Making Social Security solvent in the long run isn't that hard. But who should bear the cost?
The Power of Story
Today's storytellers show that each of us can be part of something more powerful, diverse, and creative than we might have imagined.
"Education Uprising," the Spring issue of YES!, connected people across the country and helped catalyze the movement to reclaim education—a living example of how national conversations can change.
Bullying, police brutality, and everyday insensitivities are regularly lampooned with Australians Aamer Rahman and Nazeem Hussain's weapon of choice: comedy.
In his new book "How to Make Trouble and Influence People," Iain McIntyre offers readers an alternative version of Australian history.
Edward Burtynsky documents the environmental effects of oil extraction through striking landscape photography.
The struggle to save the world's greatest communication network.
With over one billion views on YouTube and counting, The Young Turks prove that successful, independent, online news is possible.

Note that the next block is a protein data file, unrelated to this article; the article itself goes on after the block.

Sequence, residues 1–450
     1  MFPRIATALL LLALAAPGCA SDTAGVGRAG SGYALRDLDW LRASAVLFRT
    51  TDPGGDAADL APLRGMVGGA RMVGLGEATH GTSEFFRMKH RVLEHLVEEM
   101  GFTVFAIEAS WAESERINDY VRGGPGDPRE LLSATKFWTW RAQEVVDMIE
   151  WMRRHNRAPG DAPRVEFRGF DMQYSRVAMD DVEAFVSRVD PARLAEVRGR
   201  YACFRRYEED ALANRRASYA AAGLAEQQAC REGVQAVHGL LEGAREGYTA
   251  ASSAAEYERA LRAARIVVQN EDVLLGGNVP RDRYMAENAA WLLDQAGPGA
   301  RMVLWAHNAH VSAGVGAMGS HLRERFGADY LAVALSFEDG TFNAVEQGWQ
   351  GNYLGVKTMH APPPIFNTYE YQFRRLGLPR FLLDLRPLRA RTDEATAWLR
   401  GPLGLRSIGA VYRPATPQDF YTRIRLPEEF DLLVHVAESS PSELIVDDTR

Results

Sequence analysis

Many Japanese Americans were incarcerated in concentration camps during World War II. Densho is preserving their stories and the cultural knowledge that comes with them.
Today, six corporations own most of our media—but we could be poised to take it back.
And 25 other facts you should probably know.
Low-power FM radio stations bring a much-needed focus on local issues and culture.
First the anger, then the love—overcoming generational anger to find the courage required for the difficult work ahead.
Filling a void left by big city newspapers, online projects combine community news, journalism, and conversations with our neighbors.
Felipe Matos told his story in three words: "I am undocumented." It was an act of desperation—but it gave him a sense of agency and power.